Archive for June 19th, 2010

by problembear


it’s not official yet, but it looks like your days of preying on the working poor of montana with 650% interest rates are numbered….

it looks like it will be on the ballot this november. if the history of payday lenders facing ballot measures in the other 17 states that have capped payday lending rates is any guide, the vote should be very much in favor of the people of montana who want a fair treatment of montana’s working poor.

by problembear


i went to my first real live wilderness hearing in 1973. it was a hearing to decide the fate of the oregon dunes natural area near florence oregon. Jim Monteith, andy kerr, tim lillebo marcy willow and i traveled from eugene to grants pass oregon. when we arrived i realized that there were about 100 wilderness supporters present to face down an entire room full of real live gun packing dune buggy enthusiasts, four wheelers and mostly just plain angry local folks and timber beasts who were against anything that their friends and employers were.

This was just one of many hearings that senator mark hatfield and his staff were holding in several communities around oregon to get a sense of how the citizens of oregon viewed the proposal to protect this area from further erosion by four wheelers and dune buggies. geologists testified that the dunes would only last another 50 years at the rate that gas guzzling machines were knocking them down. we testified about the value of the wild plants and the unique environment of course, which only resulted in cat calls and boos from the locals. they testified the usual things about the proposed wilderness area impinging on their right as free born americans to go wherever the hell they wanted to in their sand rails and their massively jacked up to ten feet high cab 4×4 machines. it also didn’t help much that the town’s mascot was the caveman…..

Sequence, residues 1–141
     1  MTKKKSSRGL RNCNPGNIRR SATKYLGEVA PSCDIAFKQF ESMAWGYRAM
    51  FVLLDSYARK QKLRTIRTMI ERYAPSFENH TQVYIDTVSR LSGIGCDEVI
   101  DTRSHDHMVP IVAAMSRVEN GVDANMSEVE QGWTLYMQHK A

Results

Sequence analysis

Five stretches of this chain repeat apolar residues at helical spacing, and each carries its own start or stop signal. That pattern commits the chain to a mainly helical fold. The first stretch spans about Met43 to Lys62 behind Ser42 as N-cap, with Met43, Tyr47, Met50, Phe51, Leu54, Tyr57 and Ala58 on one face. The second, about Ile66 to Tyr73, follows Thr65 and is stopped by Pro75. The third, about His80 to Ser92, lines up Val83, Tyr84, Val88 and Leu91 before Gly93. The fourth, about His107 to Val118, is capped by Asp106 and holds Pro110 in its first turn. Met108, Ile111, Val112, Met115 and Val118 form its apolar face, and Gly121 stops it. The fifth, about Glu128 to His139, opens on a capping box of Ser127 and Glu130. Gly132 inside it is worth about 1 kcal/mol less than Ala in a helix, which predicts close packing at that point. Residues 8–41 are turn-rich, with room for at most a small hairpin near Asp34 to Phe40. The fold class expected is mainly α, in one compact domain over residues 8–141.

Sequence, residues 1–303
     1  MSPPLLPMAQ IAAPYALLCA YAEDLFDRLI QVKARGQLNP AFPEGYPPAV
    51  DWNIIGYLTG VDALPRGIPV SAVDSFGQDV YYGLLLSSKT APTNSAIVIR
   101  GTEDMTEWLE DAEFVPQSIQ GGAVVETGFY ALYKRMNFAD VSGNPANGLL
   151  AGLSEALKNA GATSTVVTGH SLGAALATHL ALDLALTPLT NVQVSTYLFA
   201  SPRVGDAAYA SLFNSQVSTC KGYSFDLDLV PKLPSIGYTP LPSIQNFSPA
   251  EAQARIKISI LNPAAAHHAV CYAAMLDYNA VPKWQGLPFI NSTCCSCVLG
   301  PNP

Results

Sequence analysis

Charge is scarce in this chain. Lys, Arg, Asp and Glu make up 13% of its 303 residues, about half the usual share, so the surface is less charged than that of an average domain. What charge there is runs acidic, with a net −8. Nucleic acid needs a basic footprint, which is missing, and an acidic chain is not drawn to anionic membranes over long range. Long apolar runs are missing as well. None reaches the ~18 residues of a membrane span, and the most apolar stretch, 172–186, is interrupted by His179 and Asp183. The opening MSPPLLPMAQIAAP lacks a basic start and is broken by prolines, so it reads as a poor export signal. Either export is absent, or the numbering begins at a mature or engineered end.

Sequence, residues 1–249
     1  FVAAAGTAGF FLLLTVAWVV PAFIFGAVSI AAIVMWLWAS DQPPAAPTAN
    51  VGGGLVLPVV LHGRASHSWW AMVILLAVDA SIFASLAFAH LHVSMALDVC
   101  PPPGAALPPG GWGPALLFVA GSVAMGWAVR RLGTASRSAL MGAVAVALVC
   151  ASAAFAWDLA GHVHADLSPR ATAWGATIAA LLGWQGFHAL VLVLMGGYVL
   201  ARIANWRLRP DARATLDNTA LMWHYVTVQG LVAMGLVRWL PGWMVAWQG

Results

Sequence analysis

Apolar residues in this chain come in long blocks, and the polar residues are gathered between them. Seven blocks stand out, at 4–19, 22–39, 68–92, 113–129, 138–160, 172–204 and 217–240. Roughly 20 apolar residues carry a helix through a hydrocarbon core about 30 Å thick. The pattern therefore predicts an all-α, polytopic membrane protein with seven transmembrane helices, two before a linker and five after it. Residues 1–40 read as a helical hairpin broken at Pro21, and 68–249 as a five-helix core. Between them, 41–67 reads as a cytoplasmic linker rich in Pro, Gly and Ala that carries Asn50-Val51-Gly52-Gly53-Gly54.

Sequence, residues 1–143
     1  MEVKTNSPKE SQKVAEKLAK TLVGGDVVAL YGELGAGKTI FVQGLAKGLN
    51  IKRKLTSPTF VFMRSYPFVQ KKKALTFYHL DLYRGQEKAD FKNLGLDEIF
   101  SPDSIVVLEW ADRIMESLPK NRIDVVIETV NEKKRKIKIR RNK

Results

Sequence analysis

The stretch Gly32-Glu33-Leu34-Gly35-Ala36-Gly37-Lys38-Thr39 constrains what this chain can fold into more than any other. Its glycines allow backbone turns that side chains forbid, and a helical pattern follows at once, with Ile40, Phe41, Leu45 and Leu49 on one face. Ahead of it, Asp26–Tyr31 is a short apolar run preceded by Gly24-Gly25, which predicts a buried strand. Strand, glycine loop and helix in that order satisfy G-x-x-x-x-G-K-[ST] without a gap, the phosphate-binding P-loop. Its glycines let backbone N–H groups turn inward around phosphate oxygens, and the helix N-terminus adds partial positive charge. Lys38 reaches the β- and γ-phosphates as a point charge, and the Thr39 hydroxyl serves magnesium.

in the middle of the hearing a very magical thing happened which turned the war-like atmosphere of the packed auditorium on its ear…..

a very prim, white haired, tiny, older woman who amazingly wore the proverbial red tennis shoes approached the lectern. she cleared her throat, adjusted her very thick glasses to face the senator and began….

“i am from medford oregon and one of my favorite recreations is to hike in and view the warblers of the oregon coast many of which are found in diversity and abundance among the oregon dunes national park. they congregate around the fresh water springs and sparse vegetation which exists like little oases to satisfy their very tiny needs. from bristle cone pines to the rhododendron these little birds find sustenance in the tiniest and most rare of environments which machines are threatening to destroy within my nieces and nephews lifetimes. i have no children of my own. i am all alone now except for my birds.

i have never owned an RV or a camper. i used to camp out on the dunes when i was younger in tents. i am older now but i still get out and hike wherever i can…..

(at this point this tiny older woman turned around to face the thousand or so four wheelers who were laughing at her)

……we don’t need to spend a lot of money to enjoy the wild places that are left. it is possible to enjoy life without using expensive machines……